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Spool's Out

Spool’s Out: Cassette Reviews For March By Daryl Worthington
Daryl Worthington , March 5th, 2024 09:59

Tradition defying bagpipes, failed field recordings of frogs, shimmering post punk and deep electronics from a hair salon in this month’s cassette reviews

Grimório De Abril

Carme López uses drones to disrupt rather than prolong on Quintela. A performer, teacher and researcher of Galician music, she turned to the region’s bagpipes with the goal of freeing them from a heritage which she suggests is typically male-dominated. Across these six tracks, theory matches practice, form matches concept. López is methodical as she makes audible a challenge not only to the history of Galician bagpipes, but perhaps the idea of tradition itself.

On the opening ‘Prologue’ we hear the bagpipes sound very bagpipey. It’s a provocation. López establishes what she’s working with, and perhaps highlights our own assumptions on what traditional music sounds like. From there she refines the instrument’s tones down to their base components. On ‘QU​É​? A Betty Chaos’, we initially hear nothing but air passing through a cavity. Rasps and whistling high frequencies eventually form, but they sound a million miles away from the jovial sentimentality of the opener. In later tracks, slowly undulating tones sprout mesmerising phantom frequencies, as though López is asking us to listen to what exists in music but evades transcription. For ‘CACHELOS. A César de Farbán’, a low, organ-like drone is accompanied by knocks and rattles on wood. It’s a poignant gesture. Is the instrument being reassembled before our ears, or is López smacking and hammering at it to try and break it apart? The message, perhaps, is one can’t come without the other. The album’s arc goes into the deep history of music to speculate on its future. The only way to evade tradition is perhaps by finding where its seeds were first planted.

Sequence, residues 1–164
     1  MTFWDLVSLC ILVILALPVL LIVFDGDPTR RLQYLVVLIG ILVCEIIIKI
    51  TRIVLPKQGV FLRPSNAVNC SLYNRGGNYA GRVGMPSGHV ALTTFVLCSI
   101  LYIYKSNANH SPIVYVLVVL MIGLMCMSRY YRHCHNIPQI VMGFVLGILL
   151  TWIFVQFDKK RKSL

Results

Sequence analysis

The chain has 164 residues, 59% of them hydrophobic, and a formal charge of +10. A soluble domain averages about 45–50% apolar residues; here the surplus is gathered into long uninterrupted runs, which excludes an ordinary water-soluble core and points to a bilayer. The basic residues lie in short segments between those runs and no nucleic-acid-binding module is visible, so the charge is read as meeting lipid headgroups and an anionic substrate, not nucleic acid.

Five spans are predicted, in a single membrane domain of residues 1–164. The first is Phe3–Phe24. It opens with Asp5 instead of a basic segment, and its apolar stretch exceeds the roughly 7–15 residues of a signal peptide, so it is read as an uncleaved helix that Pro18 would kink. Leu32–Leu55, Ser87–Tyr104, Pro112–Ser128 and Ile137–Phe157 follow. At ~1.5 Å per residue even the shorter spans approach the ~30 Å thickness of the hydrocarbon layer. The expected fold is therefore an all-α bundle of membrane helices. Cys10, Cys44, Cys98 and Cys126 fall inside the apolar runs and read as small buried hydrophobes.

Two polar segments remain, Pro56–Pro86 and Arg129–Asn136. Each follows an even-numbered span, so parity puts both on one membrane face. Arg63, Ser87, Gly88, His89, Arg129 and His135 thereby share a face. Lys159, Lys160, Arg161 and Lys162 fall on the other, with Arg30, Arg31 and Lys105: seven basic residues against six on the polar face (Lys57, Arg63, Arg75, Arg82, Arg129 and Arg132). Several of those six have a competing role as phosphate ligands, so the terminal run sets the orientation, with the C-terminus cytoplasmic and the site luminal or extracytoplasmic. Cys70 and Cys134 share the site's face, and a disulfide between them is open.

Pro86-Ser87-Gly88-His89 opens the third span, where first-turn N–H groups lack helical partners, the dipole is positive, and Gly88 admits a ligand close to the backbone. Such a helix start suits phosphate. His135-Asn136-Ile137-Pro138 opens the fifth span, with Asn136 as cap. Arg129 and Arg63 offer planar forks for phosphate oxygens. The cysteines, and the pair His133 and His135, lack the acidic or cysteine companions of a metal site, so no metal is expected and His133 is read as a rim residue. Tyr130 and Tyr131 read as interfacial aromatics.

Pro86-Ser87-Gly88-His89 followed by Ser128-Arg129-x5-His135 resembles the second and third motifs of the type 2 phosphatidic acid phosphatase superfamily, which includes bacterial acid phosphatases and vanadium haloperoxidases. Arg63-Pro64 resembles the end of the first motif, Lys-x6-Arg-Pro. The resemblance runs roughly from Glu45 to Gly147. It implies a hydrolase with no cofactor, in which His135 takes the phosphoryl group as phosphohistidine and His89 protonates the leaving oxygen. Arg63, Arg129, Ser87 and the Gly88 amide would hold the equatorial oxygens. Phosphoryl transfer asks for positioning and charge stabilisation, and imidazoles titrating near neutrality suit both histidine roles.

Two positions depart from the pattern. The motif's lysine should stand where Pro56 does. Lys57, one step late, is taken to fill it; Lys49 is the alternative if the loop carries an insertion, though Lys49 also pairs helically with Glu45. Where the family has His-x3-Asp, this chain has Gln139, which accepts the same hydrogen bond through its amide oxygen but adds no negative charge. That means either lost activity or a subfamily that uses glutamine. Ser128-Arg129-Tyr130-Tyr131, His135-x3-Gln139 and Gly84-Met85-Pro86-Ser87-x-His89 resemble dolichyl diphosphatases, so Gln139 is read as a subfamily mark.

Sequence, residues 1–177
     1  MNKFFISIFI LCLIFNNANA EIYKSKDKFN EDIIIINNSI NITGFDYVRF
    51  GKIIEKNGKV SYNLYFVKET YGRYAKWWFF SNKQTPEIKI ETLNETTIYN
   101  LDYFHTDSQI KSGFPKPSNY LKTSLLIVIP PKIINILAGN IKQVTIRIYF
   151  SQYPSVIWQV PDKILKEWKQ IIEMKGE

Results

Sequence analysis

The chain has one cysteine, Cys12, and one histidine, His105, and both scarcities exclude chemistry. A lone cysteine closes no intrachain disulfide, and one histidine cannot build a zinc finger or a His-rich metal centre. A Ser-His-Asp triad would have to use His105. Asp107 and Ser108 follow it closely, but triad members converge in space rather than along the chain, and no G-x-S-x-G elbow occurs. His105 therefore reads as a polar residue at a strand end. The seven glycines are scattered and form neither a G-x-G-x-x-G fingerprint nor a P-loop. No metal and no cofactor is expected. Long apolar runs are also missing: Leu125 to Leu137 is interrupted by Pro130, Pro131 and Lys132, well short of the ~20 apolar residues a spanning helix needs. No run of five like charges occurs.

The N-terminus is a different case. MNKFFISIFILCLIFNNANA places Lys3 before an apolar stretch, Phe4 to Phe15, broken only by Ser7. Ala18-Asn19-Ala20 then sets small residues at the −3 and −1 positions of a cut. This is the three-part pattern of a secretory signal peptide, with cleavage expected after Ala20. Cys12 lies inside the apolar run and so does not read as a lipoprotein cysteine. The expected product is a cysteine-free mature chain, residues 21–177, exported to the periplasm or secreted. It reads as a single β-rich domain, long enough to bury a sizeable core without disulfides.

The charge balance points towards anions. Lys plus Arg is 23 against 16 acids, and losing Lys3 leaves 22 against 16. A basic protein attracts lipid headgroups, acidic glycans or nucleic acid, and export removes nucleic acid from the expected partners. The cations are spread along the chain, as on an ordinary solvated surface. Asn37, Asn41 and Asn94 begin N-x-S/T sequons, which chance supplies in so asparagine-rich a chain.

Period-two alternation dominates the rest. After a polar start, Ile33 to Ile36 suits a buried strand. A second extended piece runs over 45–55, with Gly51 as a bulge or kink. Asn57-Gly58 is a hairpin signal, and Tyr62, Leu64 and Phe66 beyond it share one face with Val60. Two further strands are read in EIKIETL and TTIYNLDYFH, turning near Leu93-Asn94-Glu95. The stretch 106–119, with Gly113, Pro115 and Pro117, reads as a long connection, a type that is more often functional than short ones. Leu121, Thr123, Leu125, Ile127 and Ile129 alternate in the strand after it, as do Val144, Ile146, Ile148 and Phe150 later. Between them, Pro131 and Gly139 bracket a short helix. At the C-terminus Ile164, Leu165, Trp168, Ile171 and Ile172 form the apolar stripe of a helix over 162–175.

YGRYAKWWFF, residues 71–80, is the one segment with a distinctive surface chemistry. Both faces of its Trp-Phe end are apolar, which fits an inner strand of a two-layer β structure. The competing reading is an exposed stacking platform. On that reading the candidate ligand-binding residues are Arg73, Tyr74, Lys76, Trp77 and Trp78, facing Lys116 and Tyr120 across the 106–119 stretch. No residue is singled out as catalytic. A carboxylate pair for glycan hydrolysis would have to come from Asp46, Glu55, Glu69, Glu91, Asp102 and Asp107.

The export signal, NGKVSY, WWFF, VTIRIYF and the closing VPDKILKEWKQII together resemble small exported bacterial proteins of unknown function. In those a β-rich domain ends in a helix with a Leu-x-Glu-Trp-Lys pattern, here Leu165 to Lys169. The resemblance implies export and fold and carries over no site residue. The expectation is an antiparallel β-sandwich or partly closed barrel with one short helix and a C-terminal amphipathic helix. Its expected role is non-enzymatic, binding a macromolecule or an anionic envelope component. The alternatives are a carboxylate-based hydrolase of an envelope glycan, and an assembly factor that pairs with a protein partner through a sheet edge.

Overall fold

On the closing ‘Epilogue’, we hear bagpipe melodies again, fired through a swell of drones. López reintroduces some of what we might expect from the instrument, but after the preceding tracks we can’t help but listen in a different way. It’s unusual for an artist to make the process of deconstruction so transparent, even rarer that it’s so moving. Quintela carries resonance beyond Galician music. It questions what we mean by traditional. The word itself implies a certain inertness, a sense of something time-locked and unchanging. A view from an outsider looking for esoteric sounds and missing the contexts and flux they live in. López’s music challenges us to think differently.

Grimório De Abril – Castelo d'Água
(Municipal K7)

Grimório De Abril, aka Veridiana Sanchez, writes songs unbound by horizons. On third album Castelo d'Água acoustic ballads melt into dungeon carnival music, electro lullabies, alien synthesis and bamboozling percussion. At points, there are hints of the bewitched states conjured by her fellow São Paulo residents Rakta and Deafkids, as well as the tradition-melting folk of Metá Metá and Juçara Marçal. Like Marçal, Sanchez’s songs are rooted in pop music that defies outside notions of past, future and present. Sanchez amplifies the sense of being interstitial, a grainy echo in the production giving her music a spectral shimmer. Imagine a radio stuck between two radically different stations yet somehow sounding completely in sync, and you’ll have some idea how this sounds, but the collisions on Castelo d'Água feel painstakingly composed rather than accidental. It’s a music of multitudes, defying limitations, escaping familiarity and gaining stunning coherence in the process.